Growing season

Flourish Vol. 36

When I chose to begin this newsletter almost exactly one year ago, it felt deeply silly. Self-indulgent. Embarrassingly earnest — something I’d rarely, if ever, allowed myself to be, and certainly not publicly. All I knew was that it felt urgent, and compulsory, to create this outlet. To allow my thoughts and feelings and interests somewhere to live outside of my own head, to stop depriving my inner life of oxygen for fear that I had nothing of value to say. As I look back at all that’s happened in the past year, I realize this was the first rumbling of a seismic shift in how I saw myself, and how I wanted the world to see me, too.

The truth was, I’d spent so much of my life striving for perfection, scared to death of failure and risk and vulnerability, that I’d backed myself into a corner of my own making. One where security carried more weight than happiness, where all creative pursuits and risky wagers and scenarios outside my own comfort zone were headed off at the pass. Because what if I tried something and was just horrendously, miserably awful at it; what if I looked stupid, what if I failed, had to crawl back with my tail between my legs? After all, is there anything more deeply mortifying than wanting something so sincerely and not getting it?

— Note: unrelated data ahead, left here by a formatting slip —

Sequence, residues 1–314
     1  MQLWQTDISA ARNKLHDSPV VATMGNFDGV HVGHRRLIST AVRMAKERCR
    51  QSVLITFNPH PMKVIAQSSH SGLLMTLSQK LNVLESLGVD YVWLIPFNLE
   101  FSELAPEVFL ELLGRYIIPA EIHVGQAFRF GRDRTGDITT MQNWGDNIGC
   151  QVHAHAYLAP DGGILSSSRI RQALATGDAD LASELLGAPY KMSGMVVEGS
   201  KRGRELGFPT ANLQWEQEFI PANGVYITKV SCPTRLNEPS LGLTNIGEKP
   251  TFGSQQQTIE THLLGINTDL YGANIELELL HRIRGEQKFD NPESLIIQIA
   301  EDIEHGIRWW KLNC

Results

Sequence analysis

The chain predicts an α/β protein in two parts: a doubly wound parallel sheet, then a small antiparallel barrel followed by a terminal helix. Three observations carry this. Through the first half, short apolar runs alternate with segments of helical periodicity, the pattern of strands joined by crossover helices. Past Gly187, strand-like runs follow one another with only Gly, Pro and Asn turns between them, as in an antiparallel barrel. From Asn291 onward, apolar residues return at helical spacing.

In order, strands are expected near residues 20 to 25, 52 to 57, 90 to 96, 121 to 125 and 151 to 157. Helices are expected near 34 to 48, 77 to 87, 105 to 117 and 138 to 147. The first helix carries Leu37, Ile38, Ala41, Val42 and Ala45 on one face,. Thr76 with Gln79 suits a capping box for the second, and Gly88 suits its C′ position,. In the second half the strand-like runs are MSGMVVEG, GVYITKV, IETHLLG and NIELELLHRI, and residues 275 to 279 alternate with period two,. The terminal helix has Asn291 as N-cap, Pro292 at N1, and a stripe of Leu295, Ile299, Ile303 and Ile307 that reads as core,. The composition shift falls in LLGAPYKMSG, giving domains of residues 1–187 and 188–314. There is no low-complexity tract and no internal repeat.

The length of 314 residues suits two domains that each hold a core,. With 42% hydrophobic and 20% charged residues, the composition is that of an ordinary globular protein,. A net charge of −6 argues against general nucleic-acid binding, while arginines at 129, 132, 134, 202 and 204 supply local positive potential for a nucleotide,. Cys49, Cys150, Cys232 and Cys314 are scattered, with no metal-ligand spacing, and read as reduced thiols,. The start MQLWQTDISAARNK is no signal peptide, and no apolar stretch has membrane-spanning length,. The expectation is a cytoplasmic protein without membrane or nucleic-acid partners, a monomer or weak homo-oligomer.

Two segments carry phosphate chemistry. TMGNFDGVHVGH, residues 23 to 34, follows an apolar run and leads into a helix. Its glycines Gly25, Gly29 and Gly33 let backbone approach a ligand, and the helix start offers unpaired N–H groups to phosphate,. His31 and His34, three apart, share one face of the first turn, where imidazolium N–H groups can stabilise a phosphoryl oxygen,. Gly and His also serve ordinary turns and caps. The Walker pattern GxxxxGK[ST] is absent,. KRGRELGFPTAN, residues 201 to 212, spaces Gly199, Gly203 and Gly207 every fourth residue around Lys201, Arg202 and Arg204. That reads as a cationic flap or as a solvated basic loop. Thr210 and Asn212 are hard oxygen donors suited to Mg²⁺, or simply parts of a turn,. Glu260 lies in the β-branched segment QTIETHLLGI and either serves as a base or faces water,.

Of course, I realize now, the most deeply regrettable thing I could ever do was to not try at all. God, how embarrassing — to shrink and sanitize and censor yourself so as to never feel the discomfort of change, the growing pains of being alive, of finding yourself so unmistakably that it feels like finally coming home — whether that happens at 25 or 55. How tragic, to look back and realize with some quiet grief that you were never too old to learn guitar, or too “fat” to wear a bikini, or too inexperienced to try a new career — you were simply afraid. And fear is the most insidious thing; a mold and a cancer, a quiet manipulator, a thief that robs you of faith in everything you deserve to be.